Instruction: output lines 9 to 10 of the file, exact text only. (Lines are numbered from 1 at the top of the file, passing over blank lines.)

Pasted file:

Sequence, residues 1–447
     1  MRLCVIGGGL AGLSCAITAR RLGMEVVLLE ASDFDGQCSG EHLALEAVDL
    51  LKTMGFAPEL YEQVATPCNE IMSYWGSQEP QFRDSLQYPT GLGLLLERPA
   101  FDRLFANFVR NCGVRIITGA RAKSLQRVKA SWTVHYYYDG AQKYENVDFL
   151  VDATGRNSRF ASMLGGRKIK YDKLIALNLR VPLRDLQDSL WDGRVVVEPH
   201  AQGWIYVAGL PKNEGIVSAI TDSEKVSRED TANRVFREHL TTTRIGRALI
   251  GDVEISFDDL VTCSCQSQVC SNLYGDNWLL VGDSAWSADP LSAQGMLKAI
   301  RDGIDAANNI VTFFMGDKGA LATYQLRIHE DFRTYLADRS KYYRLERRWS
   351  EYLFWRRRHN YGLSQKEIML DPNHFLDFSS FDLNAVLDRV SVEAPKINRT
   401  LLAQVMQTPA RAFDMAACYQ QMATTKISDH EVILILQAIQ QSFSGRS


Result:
   351  EYLFWRRRHN YGLSQKEIML DPNHFLDFSS FDLNAVLDRV SVEAPKINRT
   401  LLAQVMQTPA RAFDMAACYQ QMATTKISDH EVILILQAIQ QSFSGRS